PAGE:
It's too bad Japan's Prime Minister Junichiro Koizumi will have no choice but to leave office this fall. He is in the last year of his second term and only lately have we started to see the positive effects of his reform-minded policies. The fundamentals behind the improving economy are picking up steam as has the stock market. One question is what happens post-Koizumi? In fact, "post Koizumi" was one of three key phrases for '06 chosen at the start of the year along with: "exiting deflation" and "stock boom." Below are the reforms Koizumi mentioned in his most recent email newsletter.
March 9, 2006 [my emphasis added in bold]
Another essential item on the Diet's agenda alongside the budget is
administrative reform. We can even dub it the "Diet for the
Promotion of Administrative Reform." Grounded on the policy of
"leave to the private sector what it can do," I will strive to
reassess the government's work and realize a "simple yet efficient
government" with a view to reducing the tax burden on the people.
First, in order to drastically reduce the size of the government,
I have decided to reduce the number of civil servants by around
5 percent over the next five years. Although the Government had
been taking measures to reduce the number of civil servants nearly
every year, it was only able to reduce the number by around 0.1
percent annually at most. Indeed an annual 1 percent reduction, or
5 percent over a five-year period, is a very ambitious goal. In the
past five years, the Government has achieved a net annual reduction
of around 500 civil servants on average. Now the goal is to reduce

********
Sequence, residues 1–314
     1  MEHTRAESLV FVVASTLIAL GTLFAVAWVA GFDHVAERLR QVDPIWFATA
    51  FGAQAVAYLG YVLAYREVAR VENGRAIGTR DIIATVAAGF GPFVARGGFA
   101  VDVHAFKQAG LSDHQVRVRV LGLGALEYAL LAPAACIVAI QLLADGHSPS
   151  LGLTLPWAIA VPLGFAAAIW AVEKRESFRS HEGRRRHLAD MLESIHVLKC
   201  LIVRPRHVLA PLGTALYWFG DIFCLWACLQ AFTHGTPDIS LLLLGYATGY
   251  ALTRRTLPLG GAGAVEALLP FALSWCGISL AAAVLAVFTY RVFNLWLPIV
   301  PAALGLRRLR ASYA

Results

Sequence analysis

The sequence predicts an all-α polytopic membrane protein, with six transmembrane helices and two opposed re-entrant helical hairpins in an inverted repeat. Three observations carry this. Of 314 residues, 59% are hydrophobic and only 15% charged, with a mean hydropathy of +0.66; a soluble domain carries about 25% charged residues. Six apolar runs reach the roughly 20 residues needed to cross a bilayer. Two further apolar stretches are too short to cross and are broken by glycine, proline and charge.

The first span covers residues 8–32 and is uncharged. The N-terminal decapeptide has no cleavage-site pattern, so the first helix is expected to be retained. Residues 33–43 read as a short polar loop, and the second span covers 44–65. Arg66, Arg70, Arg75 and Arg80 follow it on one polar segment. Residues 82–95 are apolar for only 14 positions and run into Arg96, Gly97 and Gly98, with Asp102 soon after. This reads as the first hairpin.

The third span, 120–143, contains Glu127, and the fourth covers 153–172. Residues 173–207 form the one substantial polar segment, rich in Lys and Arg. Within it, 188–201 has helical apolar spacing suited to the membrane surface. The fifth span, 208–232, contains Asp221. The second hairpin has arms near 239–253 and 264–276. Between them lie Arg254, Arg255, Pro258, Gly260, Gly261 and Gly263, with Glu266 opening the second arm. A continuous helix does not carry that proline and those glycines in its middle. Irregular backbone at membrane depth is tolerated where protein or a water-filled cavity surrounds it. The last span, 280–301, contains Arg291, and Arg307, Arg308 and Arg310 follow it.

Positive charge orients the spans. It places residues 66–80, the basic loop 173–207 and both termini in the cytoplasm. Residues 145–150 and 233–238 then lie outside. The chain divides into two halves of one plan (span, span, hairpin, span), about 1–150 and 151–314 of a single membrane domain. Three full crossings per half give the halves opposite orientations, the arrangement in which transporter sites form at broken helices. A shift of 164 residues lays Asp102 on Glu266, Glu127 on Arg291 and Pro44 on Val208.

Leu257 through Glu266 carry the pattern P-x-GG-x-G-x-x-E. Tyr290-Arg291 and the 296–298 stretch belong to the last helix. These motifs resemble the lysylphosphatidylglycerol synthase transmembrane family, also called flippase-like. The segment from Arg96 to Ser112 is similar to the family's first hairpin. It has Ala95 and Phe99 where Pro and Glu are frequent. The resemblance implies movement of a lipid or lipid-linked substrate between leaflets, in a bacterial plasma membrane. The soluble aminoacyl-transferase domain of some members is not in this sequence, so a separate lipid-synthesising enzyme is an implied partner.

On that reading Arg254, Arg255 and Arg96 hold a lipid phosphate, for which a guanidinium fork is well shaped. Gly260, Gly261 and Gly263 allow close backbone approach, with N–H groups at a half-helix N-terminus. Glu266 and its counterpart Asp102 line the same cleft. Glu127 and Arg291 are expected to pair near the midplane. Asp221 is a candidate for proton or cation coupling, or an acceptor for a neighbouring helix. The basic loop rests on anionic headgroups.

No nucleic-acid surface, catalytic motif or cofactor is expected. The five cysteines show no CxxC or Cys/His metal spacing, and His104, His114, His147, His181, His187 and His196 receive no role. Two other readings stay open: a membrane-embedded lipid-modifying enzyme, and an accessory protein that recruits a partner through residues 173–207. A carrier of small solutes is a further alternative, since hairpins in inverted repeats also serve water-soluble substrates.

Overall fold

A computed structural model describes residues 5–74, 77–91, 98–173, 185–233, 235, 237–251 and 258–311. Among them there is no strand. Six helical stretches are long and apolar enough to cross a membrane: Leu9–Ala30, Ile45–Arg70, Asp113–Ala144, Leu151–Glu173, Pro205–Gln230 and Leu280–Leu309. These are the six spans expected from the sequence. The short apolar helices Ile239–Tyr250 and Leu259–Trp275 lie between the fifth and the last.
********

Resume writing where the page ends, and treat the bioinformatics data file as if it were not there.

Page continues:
six times that number, or more than 3,000 civil servants annually.
Nevertheless I am resolved to work hard to achieve this goal.
I will also reform government-related financial organizations.
There are several government-related financial organizations in
parallel with the administrative areas of each ministry. Most of
them will be integrated into one organization, and the rest will be
completely privatized. When I endeavored to reform special public
corporations including privatizing highway-related public
corporations in 2001, there was strong opposition from even the
ruling parties, saying that they would not allow even one finger to
be laid on government-related financial organizations. Five years
have passed since then and I am finally able to start reforming the
I will also aggressively promote the sale of state-owned assets.
There are some housing units for civil servants in the central area
of Tokyo which should be sold and there are other areas of
state-owned land around the country which are not being used to the
maximum efficiency. I have already instructed that concrete plans
be formulated to address this situation.
I have been promoting drastic reductions in expenditures of the
general account. For instance, expenditure on public works projects
which stood at 14.9 trillion yen in FY1998 has been cut down to 7.2
trillion yen in FY2006. In addition to the general account, state
finances also consist of special accounts, and there still remain
many items that need to be reviewed regarding special account
expenditures. I have decided to drastically reduce the number of
special accounts over the next five years or so from the current 31
to one-half to one-third that number.
Based on the policy of leaving to the private sector what it can do,
including public works and services, the Government has begun to
consign work to the private sector including employment support
offered by unemployment agencies and guarding the security of areas
surrounding prisons. My intention is to expand the scope of work
consigned to the private sector to include many more sectors.
The Government will submit a bill promoting administrative reform
during the current Diet session in order for it to undertake
concerted efforts towards administrative reform and to advance
these efforts without regressing. I will work hard to get the bill
passed at an early date and steadily advance administrative reform.